Sunday, May 04, 2014

Listening Notes 1

Medeski, Martin and Wood with Nels Cline - The Woodstock Sessions Vol. 2 (Woodstock Sessions, 2014) What seems on the surface to be an unlikely combination, the jam band/groove jazz trio of John Medeski on keyboards, Billy Martin on drums and Chris Wood on bass meshes quite nicely with unclassifiable outre guitarist Nels Cline. When MMW last tangled with a guitarist it was John Scofield, who was well versed in groove. Cline is another matter entirely, ready and willing to play anything from free jazz to arena rock. This LP was recorded live before a very small audience and taken in one long uninterrupted track, it shows the music ebbing and flowing, with periods of spaciness led by Medeski's organ and range of keyboards. Noise and power will raise it's head like a snarling beast at several points during the performance, making for the most memorable portions of the album. When Cline cuts loose, he's a wonder to behold, swooping and wailing and charging into the breach. Although this might not be in MMW's wheelhouse, they are more than up to the challenge. This is an album that grows on you as you learn the dynamic shifts in improvisation and the texture and sound collages that are at play. amazon

Yes - The Yes Album (Panegyric, 2014) Originally released on Atlantic Records in 1972 this was Yes's first truly classicalbum , matching their cosmic ambitions and pretensions with excellent songwriting and playing. Musician and producer Steven Wilson has been remixing and remastering classic progressive rock LP's by King Crimson, Yes and others and now he brings his magic touch to this album. It's not a radical re-fit, Wilson's idea is subtle re-touching, brightening the vocals and harmonies, bringing the musical instruments into strong relief. The stereo mix is spot on and sounds excellent bringing a new luster to well known songs like "Yours Is No Disgrace" and "Starship Ttooper." You can pick your poison between two-CD sets which include either a DVD audio or 5.1 surround sound version in edition to the stereo remaster. Both sets expand the original album even further and add OCD touches like alternate stereo mixes, surround sound, singles, live tracks and even a "needledrop" of a first pressing of the LP. The package is a bit overwhelming, but the wonderful stereo mix makes any bonbast well worth it. amazon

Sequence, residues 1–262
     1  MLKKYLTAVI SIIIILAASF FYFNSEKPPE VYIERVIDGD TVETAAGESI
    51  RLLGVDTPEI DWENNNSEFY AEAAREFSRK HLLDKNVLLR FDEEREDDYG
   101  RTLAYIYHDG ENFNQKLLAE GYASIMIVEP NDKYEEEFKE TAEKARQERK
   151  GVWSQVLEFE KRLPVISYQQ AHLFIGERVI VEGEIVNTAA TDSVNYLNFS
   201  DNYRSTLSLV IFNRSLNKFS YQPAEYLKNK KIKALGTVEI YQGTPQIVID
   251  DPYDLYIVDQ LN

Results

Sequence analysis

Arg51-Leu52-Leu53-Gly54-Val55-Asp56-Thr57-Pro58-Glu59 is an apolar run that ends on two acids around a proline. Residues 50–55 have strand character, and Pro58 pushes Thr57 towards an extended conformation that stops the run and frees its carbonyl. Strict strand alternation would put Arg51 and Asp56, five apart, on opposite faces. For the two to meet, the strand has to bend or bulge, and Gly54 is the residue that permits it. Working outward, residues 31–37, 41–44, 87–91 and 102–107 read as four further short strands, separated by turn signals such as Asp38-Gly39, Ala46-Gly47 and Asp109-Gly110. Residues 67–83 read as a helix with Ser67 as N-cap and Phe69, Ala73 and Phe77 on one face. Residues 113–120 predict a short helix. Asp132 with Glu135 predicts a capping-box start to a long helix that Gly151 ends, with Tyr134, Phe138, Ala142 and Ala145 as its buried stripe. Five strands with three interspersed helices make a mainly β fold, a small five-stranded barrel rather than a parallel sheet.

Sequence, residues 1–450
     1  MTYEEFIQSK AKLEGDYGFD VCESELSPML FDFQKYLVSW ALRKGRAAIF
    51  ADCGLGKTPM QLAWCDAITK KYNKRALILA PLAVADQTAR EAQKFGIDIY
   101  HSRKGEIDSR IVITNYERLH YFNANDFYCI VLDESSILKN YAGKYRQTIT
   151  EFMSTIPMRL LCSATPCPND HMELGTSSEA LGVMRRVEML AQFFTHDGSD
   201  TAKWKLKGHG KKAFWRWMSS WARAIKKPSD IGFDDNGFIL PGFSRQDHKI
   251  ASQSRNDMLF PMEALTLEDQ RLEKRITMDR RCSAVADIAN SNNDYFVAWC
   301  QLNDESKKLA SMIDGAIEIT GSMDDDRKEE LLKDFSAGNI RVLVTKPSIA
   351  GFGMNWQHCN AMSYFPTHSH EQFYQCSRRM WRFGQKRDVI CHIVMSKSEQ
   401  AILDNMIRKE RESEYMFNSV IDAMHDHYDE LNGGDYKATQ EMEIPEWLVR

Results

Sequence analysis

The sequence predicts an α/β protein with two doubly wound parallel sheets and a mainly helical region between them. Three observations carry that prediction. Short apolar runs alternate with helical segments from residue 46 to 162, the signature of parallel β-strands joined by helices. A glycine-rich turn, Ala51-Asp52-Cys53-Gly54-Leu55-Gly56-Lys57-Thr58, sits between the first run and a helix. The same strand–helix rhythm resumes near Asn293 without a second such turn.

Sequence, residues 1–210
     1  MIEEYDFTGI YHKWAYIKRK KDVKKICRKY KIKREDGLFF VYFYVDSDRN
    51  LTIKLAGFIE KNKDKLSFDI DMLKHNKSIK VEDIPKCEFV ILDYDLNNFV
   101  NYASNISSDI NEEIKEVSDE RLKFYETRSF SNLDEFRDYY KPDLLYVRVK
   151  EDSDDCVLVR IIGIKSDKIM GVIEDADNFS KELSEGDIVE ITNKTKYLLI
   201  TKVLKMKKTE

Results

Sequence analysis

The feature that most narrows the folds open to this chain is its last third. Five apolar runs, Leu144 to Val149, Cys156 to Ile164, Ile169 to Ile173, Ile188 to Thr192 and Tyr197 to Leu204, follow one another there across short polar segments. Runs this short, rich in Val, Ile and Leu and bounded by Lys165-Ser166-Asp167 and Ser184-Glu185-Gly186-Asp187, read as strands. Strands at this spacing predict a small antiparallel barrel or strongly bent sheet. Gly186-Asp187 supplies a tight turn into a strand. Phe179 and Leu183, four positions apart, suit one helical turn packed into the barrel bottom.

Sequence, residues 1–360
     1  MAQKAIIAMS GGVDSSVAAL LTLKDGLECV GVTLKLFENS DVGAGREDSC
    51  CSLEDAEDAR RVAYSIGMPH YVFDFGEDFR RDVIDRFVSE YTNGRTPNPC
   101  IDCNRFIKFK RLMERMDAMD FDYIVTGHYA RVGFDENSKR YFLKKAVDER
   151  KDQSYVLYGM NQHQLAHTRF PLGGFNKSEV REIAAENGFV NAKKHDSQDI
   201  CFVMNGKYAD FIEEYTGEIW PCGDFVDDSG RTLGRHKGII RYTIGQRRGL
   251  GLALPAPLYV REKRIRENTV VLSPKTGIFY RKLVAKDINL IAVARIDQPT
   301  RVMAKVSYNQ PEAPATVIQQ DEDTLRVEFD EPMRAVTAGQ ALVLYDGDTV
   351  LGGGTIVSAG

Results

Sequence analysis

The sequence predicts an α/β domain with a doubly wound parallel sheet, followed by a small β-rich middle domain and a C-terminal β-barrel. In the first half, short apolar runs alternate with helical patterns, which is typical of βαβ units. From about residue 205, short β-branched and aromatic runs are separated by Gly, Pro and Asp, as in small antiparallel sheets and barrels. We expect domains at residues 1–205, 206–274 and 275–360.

JD Allen - Bloom (Savant, 2014) Tenor saxophonist JD Allen has built a formidable catalog of records, lean and thoughtful, either as the leader of a trio or quartet or on sideman appearances. On this album, he is accompanied by Orrin Evans on piano, Alexander Claffy on bass and Jonathan Barber on drums. Allen has a deep woody tone that has developed into an original sound and is best felt on the title track “Bloom” which is an up-tepmo tune that simmers nicely and allows for excellent expression. One of the most effective ideas of Allen’s is brevity - his songs rarely exceed five minutes, and his albums are usually LP length. This perspective allows for a tight, coiled tension and the sense that Allen’s band is taking care of business honing the music to its core essence. The patience pays off well on ballads too, such as on “The Secret Lives of Guest Workers” which is a quartet performance of compassion and dignity allowing the music to flow naturally, while never falling into repetition. This album was enigmatic, and hard to pin down and that is a good thing. Allen leaves weaves in a sense of the mysterious, and makes the listener think long and hard about the meaning of his music. amazon

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